• I never miss a chance at philosophical discussion. It’s too much fun. And so…

        You’ve missed my point. There seems to be some confusion between existential and epistemological concerns. One may not be sure of the truth values of what he perceives, but that does not deny the fact that he is perceiving. Existence precedes any perception. This is not to say that perception assumes existence, but rather that by virtue of existence perception is even possible.

        You write, speak, and think from a point of reference. Here I point to the first person “I”, not the word but rather what it refers to, the conceptual self. It is this self which cannot be denied, as even a denial of it comes from the seat of that ethereal “I”. Thus a phrase such as “I doubt my own existence” proves inadvertently that I exist. So, I raise the question: “Illusionary to whom?”

      • I must admit that you have a good point. You’ve certainly gotten me to think about this, for which I am most appreciative. I could use more of this kind of thought in my life. If you want to tell me I’m wrong about something else, please do not hesitate to do so.

      • Glad to be of assistance. If you wish to discuss anything of a philosophical nature, you know where to find me.

      • Scarletscourge@outlook said

        What is an illusion? A disortion of what is? How are we to know what is? What does it mean to know? Even if we don’t know what is, doesn’t the simple fact that an illusion can be mean that something must indeed be for it to be distorted? If nothing is then nothing would be to be distorted. This applies to consciousness as much as to anything which can be a thing to us. If a thing can be a thing to us then it must be a thing for itself in order for it be a thing to us. Were it not a thing for itself then there would be nothing to perceive, observe, or experience. If a thing can be preceived then it must be real it, must exist but the form of its reality, its existence is uncertain.

  3. FocusedChaos said

    “Illusionary” to all but yourself SinS…”I think, therefore I am”….I wouldn’t have chosen those words myself. The quote, in my opinion, should have been “Conscientiousness, I perceive; My own Existence is therefore plausible”. I, personally, believe that the meaning of Life is redefined each time conscientiousness is perceived by someone of the human race. Each life contained within its own bubble(if you will). Each life has it’s own rules and end game! The deeper one digs, the more ground there is to cover. Descartes seems to have figured it out for everyone but himself…Existence simply is because it is….including each and every “bubble” out there. No amount of philosophical reasoning, no amount of “scientific proof”, or mere hypothetical statements will change the fact that we simply exist because we do….we define our perceived existence within ourselves but we cannot create existence nor take it away. God does that…in my honest opinion! I just can’t buy evolution nor can I ponder science as absolute. There are many things that still wait to be discovered but there is nothing that doesn’t exist already, that will exist!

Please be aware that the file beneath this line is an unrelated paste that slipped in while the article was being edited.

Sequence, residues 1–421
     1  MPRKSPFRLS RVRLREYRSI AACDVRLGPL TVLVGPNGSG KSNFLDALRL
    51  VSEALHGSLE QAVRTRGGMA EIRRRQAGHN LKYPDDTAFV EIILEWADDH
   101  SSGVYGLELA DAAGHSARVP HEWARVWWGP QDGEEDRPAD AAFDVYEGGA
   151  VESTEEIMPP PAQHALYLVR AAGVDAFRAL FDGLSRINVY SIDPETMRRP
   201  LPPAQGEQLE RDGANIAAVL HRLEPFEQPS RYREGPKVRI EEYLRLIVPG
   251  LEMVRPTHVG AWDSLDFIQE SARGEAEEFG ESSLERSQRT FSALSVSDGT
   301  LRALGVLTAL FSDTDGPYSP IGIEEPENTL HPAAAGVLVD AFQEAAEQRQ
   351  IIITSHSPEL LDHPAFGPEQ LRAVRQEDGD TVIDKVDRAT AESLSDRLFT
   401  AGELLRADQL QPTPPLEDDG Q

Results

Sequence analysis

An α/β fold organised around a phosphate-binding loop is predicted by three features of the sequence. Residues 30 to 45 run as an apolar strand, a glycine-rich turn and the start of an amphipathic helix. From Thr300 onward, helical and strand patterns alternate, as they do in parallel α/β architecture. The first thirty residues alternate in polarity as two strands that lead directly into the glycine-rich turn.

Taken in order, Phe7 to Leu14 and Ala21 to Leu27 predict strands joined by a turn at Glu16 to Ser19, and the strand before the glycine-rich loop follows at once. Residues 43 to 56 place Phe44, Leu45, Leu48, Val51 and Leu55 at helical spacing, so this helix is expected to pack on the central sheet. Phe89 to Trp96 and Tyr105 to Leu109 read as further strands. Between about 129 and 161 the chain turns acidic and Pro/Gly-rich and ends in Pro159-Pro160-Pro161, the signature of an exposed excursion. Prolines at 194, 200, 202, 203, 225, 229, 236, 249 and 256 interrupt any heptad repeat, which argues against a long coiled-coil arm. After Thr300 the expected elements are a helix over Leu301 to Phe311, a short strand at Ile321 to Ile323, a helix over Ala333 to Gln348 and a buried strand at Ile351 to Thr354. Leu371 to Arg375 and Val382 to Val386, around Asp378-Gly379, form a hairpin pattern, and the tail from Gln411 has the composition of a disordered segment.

• Ivo said

      Either the knowing of self is an illusion or the perceived world. Since material science can use finer instruments of observing – an extension of sensory perception, and the self escapes that scope, they conclude that that’s not real or existing, yet we all intuitively know it – immediately and directly. Thus we need more intuitive scientists to probe deep down in the “substance” of self, don’t you think?!